On July 23rd, the NYC Dept of Health issued an alert to veterinarians that 20 Central Park raccoons tested positive for the distemper virus.

 

Distemper: Highly Infectious and Long Lived In The Environment

 

Distemper is a highly contagious, often fatal disease common in dogs, foxes, raccoons, ferrets, and minks. The causative agent, a virus related to human measles, is transmitted through the saliva, feces, respiratory discharge, and urine of infected animals.  Animals that survive the disease can shed the virus for months after recovering.

 

Outbreaks of Distemper In Wild Typically Signal Outbreaks in Domestic Dogs

 

Outbreaks of distemper in the wild, typically signal outbreaks of distemper in domesticated dog populations.  According to the American Animal Hospital Association, “Canine Distemper outbreaks in local raccoon populations can signal increased risk for pet dogs in the area.”  In a study conducted in Denmark, research pointed to reservoirs of the disease in wild fox populations as responsible for outbreaks of distemper in adjacent mink farms.  Though transmission of the disease occurs vertically in populations as it passes from mothers to their babies through the placenta, the majority of transmission happens laterally from animal-to-animal, species-to-species through viral shedding in the environment.  The Danish study even pointed to fleas as a possible vector for lateral transmission.

 

Symptoms of Distemper In Dogs

 

Dogs infected with distemper exhibit a variety of symptoms, the most common of which is coughing with discharge from the eyes and nose, but the disease is almost always associated with more severe symptoms like vomiting and diarrhea, lack of appetite, fever, and neurological signs that can cause the patient to circle, masticate, and briefly paralyze.  It is hard to distinguish between neurological signs caused by distemper and those caused by rabies, so you should be especially cautious of any animal that is behaving abnormally.  Approximately 80% of puppies that contract distemper die.  Mortality rates in adult dogs are probably less than 50%, but still high when compared to other canine illnesses.  The disease is almost 100% fatal in ferrets. If you own a ferret, it is extremely important to regularly vaccinate him or her against distemper.  Please call us at least 2 weeks prior to your visit so that we can make sure we have the vaccine on hand.  We cannot give the canine distemper vaccine to ferrets – same disease, different vaccine-  we need to time to order the right one for you.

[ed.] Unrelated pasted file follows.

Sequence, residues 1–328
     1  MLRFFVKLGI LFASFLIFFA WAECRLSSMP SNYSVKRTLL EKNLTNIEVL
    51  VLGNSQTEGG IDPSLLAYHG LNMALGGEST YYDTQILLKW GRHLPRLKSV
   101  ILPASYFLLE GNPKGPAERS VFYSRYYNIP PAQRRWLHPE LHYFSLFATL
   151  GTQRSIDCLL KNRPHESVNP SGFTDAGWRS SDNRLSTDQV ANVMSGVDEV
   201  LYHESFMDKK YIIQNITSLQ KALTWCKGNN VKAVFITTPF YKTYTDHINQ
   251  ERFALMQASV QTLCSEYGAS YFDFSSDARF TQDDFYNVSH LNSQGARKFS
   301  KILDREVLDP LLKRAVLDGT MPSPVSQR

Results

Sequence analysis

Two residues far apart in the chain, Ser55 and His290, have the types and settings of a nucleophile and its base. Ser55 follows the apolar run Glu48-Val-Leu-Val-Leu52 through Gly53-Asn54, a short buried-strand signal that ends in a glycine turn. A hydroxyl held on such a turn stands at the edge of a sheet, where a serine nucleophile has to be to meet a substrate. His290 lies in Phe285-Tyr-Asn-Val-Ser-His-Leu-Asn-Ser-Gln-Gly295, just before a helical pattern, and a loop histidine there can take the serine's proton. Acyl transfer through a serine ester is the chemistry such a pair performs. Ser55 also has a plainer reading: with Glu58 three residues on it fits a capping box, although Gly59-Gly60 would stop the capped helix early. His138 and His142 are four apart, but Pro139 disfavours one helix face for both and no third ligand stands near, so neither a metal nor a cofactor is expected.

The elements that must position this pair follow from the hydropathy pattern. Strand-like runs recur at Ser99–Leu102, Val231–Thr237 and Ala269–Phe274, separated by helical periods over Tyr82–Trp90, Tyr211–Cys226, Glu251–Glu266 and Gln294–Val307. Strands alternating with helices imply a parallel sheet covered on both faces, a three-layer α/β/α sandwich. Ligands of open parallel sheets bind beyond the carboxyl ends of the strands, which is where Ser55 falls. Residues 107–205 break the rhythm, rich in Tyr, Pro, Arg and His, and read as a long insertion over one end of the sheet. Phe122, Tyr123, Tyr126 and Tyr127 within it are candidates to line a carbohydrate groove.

Can My Cat Get Canine Distemper?

 

No. Cat owners need not be alarmed by the Central Park outbreak.  The virus that causes canine distemper is not the same as the one that causes feline distemper, but it is interesting to point out that some canine distemper outbreaks in the wild have been linked to outbreaks at proximal zoo populations of tigers and lions.

 

Can People Get Distemper From Raccoons?

 

No, but there are at least two other illnesses that you can contract from contact with raccoons, rabies and leptospirosis, both of which are found frequently in our area’s raccoon populations. People and pets are also susceptible to a variety of skin and intestinal parasites that can be acquired from wildlife including mange, fleas, ringworm, and roundworms.  You and/or your dog/cat should not have physical contact with raccoons, possums, skunks, rats, bats, foxes, or weasels. It’s not too uncommon for people to find sick wildlife and then bring it to us for treatment, but touching wildlife puts you and your pets at risk.  Leptospirosis and rabies can be passed to both you and your pet from touching, and in the case of distemper, you can be the vector of the disease to your dog by carrying the infection on your hands or clothes.

 

All Area Dogs Should Be Vaccinated Against Distemper

 

You have probably never seen a dog with distemper, but that’s less a statement about the disease’s prevalence in the wild as it is a testament to the distemper vaccine’s efficacy and safety.  Distemper vaccines are highly effective at protecting dogs and all canine pets should be vaccinated unless one of the vets here at Animal Medical recommends otherwise.

 

Distemper Vaccination Protocol for Puppies and Adult Dogs

 

Puppies should be vaccinated against distemper at 8, 10 and 12 weeks of age.  Adult dogs require the vaccination annually or once every three years depending on the vaccine.  The vaccine typically includes protection against two other highly infectious diseases, parainfluenza and parvo virus.  Some distemper vaccines also include protection against leptospirosis, another serious disease that is often transmitted by area raccoons and rats.

Meet the Compassionate Doctors At Animal Medical Of New City

Dr. Suzanne Bardari

Dr. Howard Gittelman

Dr. Lisa Schenkel

Contact Us
First
Last